Format: Paperback
One of the finest literary works ever written in French is a historical novel, The Princess de Clèves, published in 1678. I first read it in high school, because it was part of the curriculum. Truth be told, I found Princess rather dry and uninspiring at the time.

Clouet Mary StuartAnd then one night, many years later, I flew to France from California and was suffering from a bad case of jetlag. I rose and went to the bookshelves in my aunt and uncle's home, searching for something to while away the hours that still separated me from daylight. I happened upon La Princess de Clèves, and started reading.

And I was amazed! I was a grown woman now and I found the story of the heroine heartbreaking.

The plot is very simple: a young noblewoman, Mademoiselle de Chartres, marries the Prince de Clèves, a man she esteems and respects but does not love. This is not a forced marriage as in Mistress of the Revolution, not even an arranged marriage.

Madame de Chartres, the heroine's mother, is a caring parent, though she is also ambitious and wants the best possible match for her daughter. The husband, the Prince de Clèves, is a completely decent man, very much in love with his young bride.

What is tragic here is that the heroine does not even suspect that something is missing from her marriage. She is, in a way, happy in her naiveté.

And suddenly, her universe collapses when she meets, and falls passionately in love with the dashing Duke de Nemours. She is torn between her passion and her high religious and moral standards.

I said earlier that Princess is a historical. It has all the makings of one. The setting is the French Court in the 16th century, during the final years of the reign of Henri II. The author lived 120 years later and she thoroughly researched the period.

Many historical characters appear in the novel: Queen Catherine de Medici, her fearsome rival, the King's mistress, Diane de Poitiers, and Mary Queen of Scots (pictured here.) Young Mary was then married to the Dauphin, future François II. The intrigues and shifting alliances between the followers of these three powerful women form a complex web that surrounds the heroine.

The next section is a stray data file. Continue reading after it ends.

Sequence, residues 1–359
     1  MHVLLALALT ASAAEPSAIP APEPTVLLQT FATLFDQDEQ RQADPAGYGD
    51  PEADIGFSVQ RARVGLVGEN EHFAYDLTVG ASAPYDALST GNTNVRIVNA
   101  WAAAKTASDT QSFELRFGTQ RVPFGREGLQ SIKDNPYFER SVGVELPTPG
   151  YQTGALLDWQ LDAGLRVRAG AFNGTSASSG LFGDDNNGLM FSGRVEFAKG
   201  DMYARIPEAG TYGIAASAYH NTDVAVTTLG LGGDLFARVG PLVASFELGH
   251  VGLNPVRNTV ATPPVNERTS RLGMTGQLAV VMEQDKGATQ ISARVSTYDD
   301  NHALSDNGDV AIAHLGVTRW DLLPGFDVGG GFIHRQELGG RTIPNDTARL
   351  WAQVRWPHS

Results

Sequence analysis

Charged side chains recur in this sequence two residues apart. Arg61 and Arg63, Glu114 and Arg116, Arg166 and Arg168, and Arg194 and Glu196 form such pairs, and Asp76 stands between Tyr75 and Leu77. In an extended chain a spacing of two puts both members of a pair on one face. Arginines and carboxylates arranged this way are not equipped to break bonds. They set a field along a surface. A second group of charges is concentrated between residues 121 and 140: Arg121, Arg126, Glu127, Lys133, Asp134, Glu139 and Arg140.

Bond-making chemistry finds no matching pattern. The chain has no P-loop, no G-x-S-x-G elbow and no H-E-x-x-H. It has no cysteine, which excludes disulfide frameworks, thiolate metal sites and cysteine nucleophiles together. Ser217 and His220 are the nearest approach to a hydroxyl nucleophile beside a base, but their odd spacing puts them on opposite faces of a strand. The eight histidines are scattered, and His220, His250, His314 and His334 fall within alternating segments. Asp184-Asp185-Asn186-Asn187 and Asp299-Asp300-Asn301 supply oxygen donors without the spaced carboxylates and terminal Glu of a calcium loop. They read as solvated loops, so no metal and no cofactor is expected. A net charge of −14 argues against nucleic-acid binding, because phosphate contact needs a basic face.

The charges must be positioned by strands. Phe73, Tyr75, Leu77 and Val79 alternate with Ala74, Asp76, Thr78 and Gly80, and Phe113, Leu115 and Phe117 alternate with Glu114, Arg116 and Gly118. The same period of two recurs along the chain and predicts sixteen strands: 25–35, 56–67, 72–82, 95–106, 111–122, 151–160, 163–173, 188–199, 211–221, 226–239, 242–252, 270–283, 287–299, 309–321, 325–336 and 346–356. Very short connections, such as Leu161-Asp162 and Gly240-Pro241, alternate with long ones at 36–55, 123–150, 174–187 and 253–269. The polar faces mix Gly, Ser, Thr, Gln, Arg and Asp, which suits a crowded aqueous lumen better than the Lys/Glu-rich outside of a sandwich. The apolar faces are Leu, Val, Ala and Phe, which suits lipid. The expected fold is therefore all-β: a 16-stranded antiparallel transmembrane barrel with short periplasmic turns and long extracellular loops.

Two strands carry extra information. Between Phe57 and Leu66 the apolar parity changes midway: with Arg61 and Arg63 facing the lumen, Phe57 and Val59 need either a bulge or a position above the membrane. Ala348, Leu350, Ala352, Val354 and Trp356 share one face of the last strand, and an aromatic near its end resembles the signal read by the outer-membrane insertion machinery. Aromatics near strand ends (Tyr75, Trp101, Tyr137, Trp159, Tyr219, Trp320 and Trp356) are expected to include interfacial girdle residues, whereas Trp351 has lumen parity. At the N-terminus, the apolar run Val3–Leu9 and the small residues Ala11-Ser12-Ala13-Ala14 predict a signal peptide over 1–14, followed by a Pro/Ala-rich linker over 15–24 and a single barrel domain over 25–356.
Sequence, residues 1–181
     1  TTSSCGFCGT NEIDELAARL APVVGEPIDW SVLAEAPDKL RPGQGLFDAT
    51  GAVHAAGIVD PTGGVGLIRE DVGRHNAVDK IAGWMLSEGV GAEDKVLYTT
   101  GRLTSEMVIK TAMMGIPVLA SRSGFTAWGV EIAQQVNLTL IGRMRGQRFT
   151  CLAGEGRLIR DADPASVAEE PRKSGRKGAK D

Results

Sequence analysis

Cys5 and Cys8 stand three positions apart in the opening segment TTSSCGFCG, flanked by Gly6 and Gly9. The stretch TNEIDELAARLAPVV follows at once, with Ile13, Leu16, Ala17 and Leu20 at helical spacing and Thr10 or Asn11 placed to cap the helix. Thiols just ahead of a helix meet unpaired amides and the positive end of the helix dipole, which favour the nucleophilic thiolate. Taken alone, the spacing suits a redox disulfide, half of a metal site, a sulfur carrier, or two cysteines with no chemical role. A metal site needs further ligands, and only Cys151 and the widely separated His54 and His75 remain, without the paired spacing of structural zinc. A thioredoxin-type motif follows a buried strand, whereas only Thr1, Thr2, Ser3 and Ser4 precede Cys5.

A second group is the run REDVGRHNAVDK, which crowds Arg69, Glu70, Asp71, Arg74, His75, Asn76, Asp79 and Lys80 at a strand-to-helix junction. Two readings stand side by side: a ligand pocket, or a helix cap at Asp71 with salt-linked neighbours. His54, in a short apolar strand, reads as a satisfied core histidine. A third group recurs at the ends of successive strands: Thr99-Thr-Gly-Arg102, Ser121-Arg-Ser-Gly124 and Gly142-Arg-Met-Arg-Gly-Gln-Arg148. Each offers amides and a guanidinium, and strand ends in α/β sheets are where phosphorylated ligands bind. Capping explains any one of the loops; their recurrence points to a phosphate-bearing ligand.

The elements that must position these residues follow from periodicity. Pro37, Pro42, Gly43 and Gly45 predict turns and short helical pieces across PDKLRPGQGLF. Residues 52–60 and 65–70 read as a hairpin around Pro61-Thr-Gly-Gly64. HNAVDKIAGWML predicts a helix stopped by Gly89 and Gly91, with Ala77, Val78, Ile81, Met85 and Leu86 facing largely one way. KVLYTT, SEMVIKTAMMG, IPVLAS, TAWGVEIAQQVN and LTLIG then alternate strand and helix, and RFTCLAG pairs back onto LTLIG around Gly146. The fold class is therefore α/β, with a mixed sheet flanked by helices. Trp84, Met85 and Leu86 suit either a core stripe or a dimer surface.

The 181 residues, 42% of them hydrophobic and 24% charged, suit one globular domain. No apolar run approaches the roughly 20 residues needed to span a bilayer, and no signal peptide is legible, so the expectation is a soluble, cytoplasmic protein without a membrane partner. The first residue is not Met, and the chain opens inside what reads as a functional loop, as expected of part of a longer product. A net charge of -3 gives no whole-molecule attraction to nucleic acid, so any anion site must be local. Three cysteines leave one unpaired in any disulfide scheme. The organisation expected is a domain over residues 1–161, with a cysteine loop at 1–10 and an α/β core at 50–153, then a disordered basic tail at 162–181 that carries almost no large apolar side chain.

I will simply translate the first sentence: "Magnificence and chivalry have never appeared in France with such brilliance as in the last years of the reign of Henri Second."

You read the rest...
6 of 6 people found the following review helpful
"She foresaw terrible rocks ahead for the young woman" May 31 2009
By frumiousb - Published on
Format: Mass Market Paperback
The Princess de Cleves is one of those books that smart people cite and which one should eventually read. Why so important? It is generally regarded as being one of the first European modern novels and a classic of its period (published anonymously in 1678). It is also quite an important milestone in the history of women's writing. More recently, its popularity resurged in France as a result of French President Sarkozy making nasty remarks about its relevance in early 2009.

What else is good to know before you pick up the book? It's a historical novel, set 100 years before the writer's lifetime. Historians who read this confidently write that Madame de Lafayette (or Marie-Madeleine Pioche de La Vergne) was extremely faithful to the time period of the book. I don't know enough about the court of Henri II to be able to do anything except report those claims.

It is also possibly good to know what the book is about. The Princess de Cleves is a kind of a romance-- contrasting the duties of formal marriage with the pressures of romantic love. Its main character is a lovely young woman who is untouched emotionally by any man and who is tragically awoken by the Duc de Nemours only after her marriage to the Prince de Cleves.